You have your suspicions… maybe you’ve seen some tiny droppings here and there, or heard little rustling noises when you enter the kitchen. Mice! But how can you be sure? Are the mice in your attic? The basement? So, how do you get rid of mice? Fear not. Although a mouse infestation is a challenging situation, it is not an unsolvable one, and you’re already on the right path simply by reading this article.
Check out the signs…
In addition to those tiny droppings—resembling grains of black rice—you might find tooth marks of a similarly tiny size on papers, books, wood, cloth, or wiring insulation. Mice are chewers—finding 1/8”-wide tooth marks on these materials is a sign of their presence. You may find little holes in food bags, too, such as bags of bread or pet food. Or, you may discover a small cache of food bits tucked in one of your canvas bags in a closet. Watch your dog or cat, too. If your pets take excited interest in a wall, closet, or corner of your stove or refrigerator, they are not crazy. They’re onto something… like mice, taking refuge in your home.
Clean up the attractants…
So, how did you end up with these unwelcome houseguests? You’d be surprised how much edible food—for a mouse—is left around in relatively clean homes. Solving the problem is a multi-step process—first, you’ll need to eliminate the attractants. Here are some of the most important places to focus your attention:
- Crumbs! Look under the toaster and in its catch tray. Wipe the counters down thoroughly before bed—marble and patterned countertops hide a lot of crumbs. Clear the table you eat at completely and wipe it down, too.
- Birdseed! It gets spilled in sheds and garages and near back doors, drawing mice close to your home, and then into it, when they find any tiny entryway.
- Dry Pet Food! What? Yes, your pets need to eat what they want before bedtime so you can take up their dishes and wash them out. Leaving them down overnight is an inviting all-night café for mice.
- Any Food Not in Metal or Glass! Ridiculous, you say… what am I supposed to do with my pantry full of packaged foods? Bin it! Obtain some tight-sealing bins from a hardware or container store and organize your dry goods into labeled bins. An added advantage is gaining a tighter grip on what you have, saving you extra trips to the store for unnecessary purchases.
While reorganizing your food, be sure to throw out any food if it is even faintly questionable that mice have gotten into it. This is a mandatory for your health.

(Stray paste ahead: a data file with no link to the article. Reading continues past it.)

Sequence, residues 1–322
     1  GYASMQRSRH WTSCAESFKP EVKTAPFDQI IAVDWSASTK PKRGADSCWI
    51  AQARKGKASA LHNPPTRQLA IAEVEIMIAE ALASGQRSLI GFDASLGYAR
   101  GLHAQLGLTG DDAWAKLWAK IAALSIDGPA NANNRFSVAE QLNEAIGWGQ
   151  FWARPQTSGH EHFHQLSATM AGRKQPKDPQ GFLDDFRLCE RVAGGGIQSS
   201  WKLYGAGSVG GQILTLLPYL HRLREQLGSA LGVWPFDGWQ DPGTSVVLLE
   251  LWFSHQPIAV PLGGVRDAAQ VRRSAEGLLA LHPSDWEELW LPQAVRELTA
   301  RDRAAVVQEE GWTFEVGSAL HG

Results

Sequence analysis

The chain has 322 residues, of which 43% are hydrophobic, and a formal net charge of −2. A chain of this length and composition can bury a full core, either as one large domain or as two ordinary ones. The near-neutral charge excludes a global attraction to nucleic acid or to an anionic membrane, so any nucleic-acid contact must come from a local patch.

Modify the habitat and hiding places…
Now, for the other aspect of attractants—cover and shelter. Start with the outside of your house. Trim back flowers, bushes, or other vegetation so they are at least 18” away from the foundation. Examine the foundation for tiny openings or cracks. Mice can enter a hole as small as a dime—so you must find and make note of holes as small as that for when you move on to doing the exclusion (next section!). Look around utility pipes and wires where they enter your home—often there are mouse-worthy gaps there. Look for holes in deteriorating siding. Try sprinkling baby powder or white flour along the inside perimeters of walls and thresholds. The next morning you may see some tiny tracks, guiding you to the areas of concern.
Close up the entryways…
Having now identified the types, number, and nature of potential entryways the mice are using, you’re ready to head to the hardware store (or to round up your own supplies, if you have these things on hand). You’ll need copper wire mesh for small openings that are not around electrical wiring (consider pan scrubbers as a handy option), along with caulking or expandable foam insulation. Larger openings should be restored with materials matching the original ones or sealed off with heavy wire mesh with openings no larger than ¼”. Attach these materials firmly, as edges can be pried up, creating openings and defeating your otherwise good efforts.
What about live traps and lethal control?
Even though you’ve cleaned up and sealed up (both are essential to any long-term success in getting rid of mice), there are still likely to be some mice present. So, what do you do with them? First, you rule out using poisons and glue boards to get rid of mice. They are exceedingly cruel and there is no way to be certain that children or pets won’t encounter them accidentally, before, during, or after their use in your home.—
Your remaining options are live traps and snap traps. Neither is likely to end well for the mice—obviously not the snap traps—but even the live traps may lead to death for the captured and released mice. But, at least these methods are less inhumane than poisons or glue boards. We suggest trapping and relocating as a last resort option. The bottom line is, once you have had to take such steps to trap mice, be sure to maintain your home’s exterior and the sanitation aspects mentioned, so that you won’t have to resort to such measures in the future.
Some mice may carry diseases like Hantavirus, Salmonellosis, or even bubonic plague, which can pose a risk, however low. These diseases are beyond the scope of this article, and if you have questions or concerns about them, seek the guidance provided on the National Centers for Disease Control and Prevention website.